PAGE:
The thorns are bleached and brittle,
The empty folds decay,
Rooftrees creak in the silence
Of inarticulate dismay.
Drought denudes the planting;
In the dry red heat
Dawn spills its ghostly water,
Black heads on the wheat.
Some evil presence quenches
The vagrant drunken theme
Of the swart and skinny goatherd
And the black goats of his dream.
A darker beast than poverty
Transfixed the crouching peasants there,
And tore the votive tablets down
And filled the children with such fear.
The cowdung fires guttered out,
The wizened women cried,
The bridegroom lay trembling,
And rigid the bride.
Love could be had for nothing.
And where is love now?
Gone with the shambling oxen,
Gone with the broken plough,
Death lives here now.
by Alun Lewis
from The Captain’s Daughter
Our lovely apple tree
has no young shoots and no fine crown;
our lovely bride
has no dear father and no dear mother.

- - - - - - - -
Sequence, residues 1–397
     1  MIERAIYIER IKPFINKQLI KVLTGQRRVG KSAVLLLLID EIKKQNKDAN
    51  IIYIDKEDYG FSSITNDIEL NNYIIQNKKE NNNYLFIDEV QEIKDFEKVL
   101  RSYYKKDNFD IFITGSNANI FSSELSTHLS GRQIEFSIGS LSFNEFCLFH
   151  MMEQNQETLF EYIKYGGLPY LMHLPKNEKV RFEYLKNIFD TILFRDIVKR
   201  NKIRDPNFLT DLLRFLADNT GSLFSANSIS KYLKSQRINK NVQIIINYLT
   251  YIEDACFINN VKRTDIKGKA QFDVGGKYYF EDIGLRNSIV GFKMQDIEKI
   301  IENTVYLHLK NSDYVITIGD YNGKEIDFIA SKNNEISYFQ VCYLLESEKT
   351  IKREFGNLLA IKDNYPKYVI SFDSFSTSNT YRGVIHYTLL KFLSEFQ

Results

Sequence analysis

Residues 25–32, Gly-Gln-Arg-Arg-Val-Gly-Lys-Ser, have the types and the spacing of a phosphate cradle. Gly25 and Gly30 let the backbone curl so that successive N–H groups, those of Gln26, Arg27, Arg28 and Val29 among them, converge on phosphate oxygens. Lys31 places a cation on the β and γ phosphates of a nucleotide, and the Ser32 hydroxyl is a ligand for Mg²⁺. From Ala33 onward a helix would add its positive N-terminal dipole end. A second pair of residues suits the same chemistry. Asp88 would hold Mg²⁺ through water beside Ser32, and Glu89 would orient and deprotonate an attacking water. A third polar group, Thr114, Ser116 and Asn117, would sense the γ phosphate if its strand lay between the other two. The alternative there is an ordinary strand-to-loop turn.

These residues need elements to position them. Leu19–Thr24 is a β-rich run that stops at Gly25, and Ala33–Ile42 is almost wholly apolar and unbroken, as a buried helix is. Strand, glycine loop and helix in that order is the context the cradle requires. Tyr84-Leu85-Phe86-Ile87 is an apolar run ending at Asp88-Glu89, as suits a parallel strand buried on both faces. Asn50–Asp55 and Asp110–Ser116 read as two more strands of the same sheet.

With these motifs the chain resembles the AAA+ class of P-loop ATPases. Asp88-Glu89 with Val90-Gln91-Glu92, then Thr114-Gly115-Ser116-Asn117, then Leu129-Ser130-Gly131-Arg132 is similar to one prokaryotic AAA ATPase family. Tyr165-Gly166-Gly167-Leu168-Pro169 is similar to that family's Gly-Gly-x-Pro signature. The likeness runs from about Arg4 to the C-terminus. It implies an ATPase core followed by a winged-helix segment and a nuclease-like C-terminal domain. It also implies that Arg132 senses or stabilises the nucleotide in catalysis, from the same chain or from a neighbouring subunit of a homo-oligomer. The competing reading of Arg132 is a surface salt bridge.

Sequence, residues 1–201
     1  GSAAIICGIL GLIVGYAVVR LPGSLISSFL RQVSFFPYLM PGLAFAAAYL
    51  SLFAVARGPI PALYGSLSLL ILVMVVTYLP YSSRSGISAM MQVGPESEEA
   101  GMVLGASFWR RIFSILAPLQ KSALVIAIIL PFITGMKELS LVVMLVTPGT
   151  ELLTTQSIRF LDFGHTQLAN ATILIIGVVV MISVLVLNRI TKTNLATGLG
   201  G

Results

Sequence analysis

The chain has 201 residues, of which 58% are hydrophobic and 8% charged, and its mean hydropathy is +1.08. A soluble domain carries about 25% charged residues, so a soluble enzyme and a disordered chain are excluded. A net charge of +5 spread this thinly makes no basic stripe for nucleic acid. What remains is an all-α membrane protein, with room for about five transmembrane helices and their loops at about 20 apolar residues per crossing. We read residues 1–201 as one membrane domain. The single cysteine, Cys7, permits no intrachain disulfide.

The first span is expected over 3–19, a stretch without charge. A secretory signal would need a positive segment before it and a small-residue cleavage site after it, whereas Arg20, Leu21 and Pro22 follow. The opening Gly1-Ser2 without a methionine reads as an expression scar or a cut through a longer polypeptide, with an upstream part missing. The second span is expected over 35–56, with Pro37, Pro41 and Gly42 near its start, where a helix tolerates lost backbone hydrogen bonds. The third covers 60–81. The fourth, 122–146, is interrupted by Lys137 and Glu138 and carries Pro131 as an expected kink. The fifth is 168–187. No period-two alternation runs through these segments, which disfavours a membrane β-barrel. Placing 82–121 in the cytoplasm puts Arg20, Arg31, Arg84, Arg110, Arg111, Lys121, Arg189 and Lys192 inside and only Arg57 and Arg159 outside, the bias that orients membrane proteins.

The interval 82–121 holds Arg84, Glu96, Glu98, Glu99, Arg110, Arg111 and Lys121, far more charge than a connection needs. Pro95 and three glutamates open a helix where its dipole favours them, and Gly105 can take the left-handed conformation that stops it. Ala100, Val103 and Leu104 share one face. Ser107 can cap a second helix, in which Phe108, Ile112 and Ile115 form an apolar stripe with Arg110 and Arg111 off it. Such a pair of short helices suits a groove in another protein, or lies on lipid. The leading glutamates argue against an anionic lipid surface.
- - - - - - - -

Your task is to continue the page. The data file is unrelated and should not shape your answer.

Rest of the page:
No one to dress her
in a wedding gown,
no one to bless her.
by Александр Сергеевич Пушкин (Alexander Sergeyevich Pushkin)
a.k.a. Aleksandr Sergeyevich Pushkin
translated by Robert Chandler
It is said that he went gaily to that scaffold,
dressed magnificently as a bridegroom,
his lace lying on him like white frost
in the windless morning of his courage.
His red blood was the water of life,
changed to wine at the wedding banquet;
the bride Scotland, the spirit dependent on
such for the consummation of her marrriage.
by R. S. Thomas
from Laboratories of the Spirit (1975)
Fun fact: This poem is about James Graham, 1st Marquess of Montrose, a Scottish nobleman, poet and soldier, who initially joined the Covenanters in the Wars of the Three Kingdoms, but subsequently supported King Charles I as the English Civil War developed. From 1644 to 1646, and again in 1650, he fought in the civil war in Scotland on behalf of the King and is generally referred to in Scotland as simply “the Great Montrose”. His spectacular victories, which took his opponents by surprise, are remembered in military history for their tactical brilliance